Introduction: For their antisecretive and antiproliferative effect somatostatin analogs (SA) have been used in the treatment of neuroendocrine tumors (NETs), based on the expression of somatostatin receptors (sstRs). The potential availability of new SA for the treatment of patients with NETs suggests a better characterization of sstRs.
Conference: 7th Annual ENETS Conference (2010)
Category: Basic
Presenting Author: Dr Paola Loli
#215 Nurse Evaluation of Long-acting Somatostatin Analogue Injection Devices: A Quantitative Study
Introduction: The two major long-acting somatostatin analogues (SSA) available on the European market for the treatment of neuroendocrine tumors and acromegaly are Somatuline Autogel (SA) and Sandostatin LAR (LAR).
Conference: 8th Annual ENETS Conference (2011)
Category: Clinical
Presenting Author: Hannah Kurth
Authors: Adelman D, Burgess A, Davies P R, ...
#242 Ga-68 SMS-R PET/CT in the Detection of Unknown Primary Neuroendocrine Tumor- Single Centre Result in 124 Patients
Introduction: Ga-68 Somatostatin-Receptor PET/CT (R-PET/CT) has been reported to be superior to In-111 octreoscan in the detection of unknown primary of neuroendocrine tumors (CUP-NET) (EJNMMI 2010 Jan;37(1):67-77)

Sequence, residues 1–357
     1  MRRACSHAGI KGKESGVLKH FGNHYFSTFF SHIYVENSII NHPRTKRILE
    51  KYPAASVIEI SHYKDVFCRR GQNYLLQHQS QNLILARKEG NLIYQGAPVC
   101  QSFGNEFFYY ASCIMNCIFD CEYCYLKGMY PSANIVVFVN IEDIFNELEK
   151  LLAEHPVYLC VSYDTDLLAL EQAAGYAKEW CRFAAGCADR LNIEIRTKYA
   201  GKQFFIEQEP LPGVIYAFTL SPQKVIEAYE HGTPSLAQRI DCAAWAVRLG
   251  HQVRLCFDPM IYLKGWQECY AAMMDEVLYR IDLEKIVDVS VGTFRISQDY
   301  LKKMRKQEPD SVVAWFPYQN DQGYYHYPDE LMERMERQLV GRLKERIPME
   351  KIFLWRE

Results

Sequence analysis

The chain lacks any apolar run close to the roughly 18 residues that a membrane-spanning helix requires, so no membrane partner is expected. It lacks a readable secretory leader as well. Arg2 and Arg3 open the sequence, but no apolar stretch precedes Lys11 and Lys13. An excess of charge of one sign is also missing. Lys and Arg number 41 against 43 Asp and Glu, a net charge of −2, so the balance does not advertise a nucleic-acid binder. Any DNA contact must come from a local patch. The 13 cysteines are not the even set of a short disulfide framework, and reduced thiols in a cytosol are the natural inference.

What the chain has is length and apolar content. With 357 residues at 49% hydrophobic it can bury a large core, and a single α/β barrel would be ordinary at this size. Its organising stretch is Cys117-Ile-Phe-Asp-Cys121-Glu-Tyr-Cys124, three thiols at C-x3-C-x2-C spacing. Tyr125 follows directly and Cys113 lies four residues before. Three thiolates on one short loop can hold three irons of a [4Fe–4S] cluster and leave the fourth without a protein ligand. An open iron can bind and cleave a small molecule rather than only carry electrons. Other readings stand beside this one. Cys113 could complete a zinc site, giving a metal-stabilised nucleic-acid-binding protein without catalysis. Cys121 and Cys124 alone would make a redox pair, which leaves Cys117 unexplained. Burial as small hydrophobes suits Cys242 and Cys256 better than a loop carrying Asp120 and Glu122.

Conference: 8th Annual ENETS Conference (2011)
Category: Clinical
Presenting Author: Dr. Vikas Prasad
#295 Unusual Behavior of Gastric Carcinoid Type 1
Introduction: Gastric carcinoids (GC) are rare tumors of the stomach. GC type 1 are associated with chronic atrophic gastritis (CAG) and are the most benign type, having low metastatic potential.
Conference: 8th Annual ENETS Conference (2011)
Category: Clinical
Presenting Author: Matilde P Spampatti
#455 Depression and Carcinoid Syndrome: Is There Any Relationship? A Cross-Sectional Study
Introduction: The relationship between brain serotonin and depression is well-established. It is also widely accepted that serotonin hyperproduction in carcinoid syndrome does not cross the brain barrier. CNS serotonin is synthesised from tryptophan within serotonergic neurons and a deficiency of this precursor could be possible on carcinoid patients.
Conference: 9th Annual ENETS Conference (2012)
Category: Clinical
Presenting Author: Mr Jorge Garcia-Hernandez
#621 Occurrence of Type 1 Gastric Carcinoid In Patients with Autoimmune Chronic Atrophic Gastritis
Introduction: The actual incidence of type1 gastric carcinoids (GC1) as a long-term complication of chronic autoimmune atrophic gastritis (CAAG) remains to be clarified as studies are few.
Conference: 10th Annual ENETS Conference (2013)
Category: Non digestive NETs (bronchial, MTC, pheochromocytoma)
Presenting Author: Dr Roberta E Rossi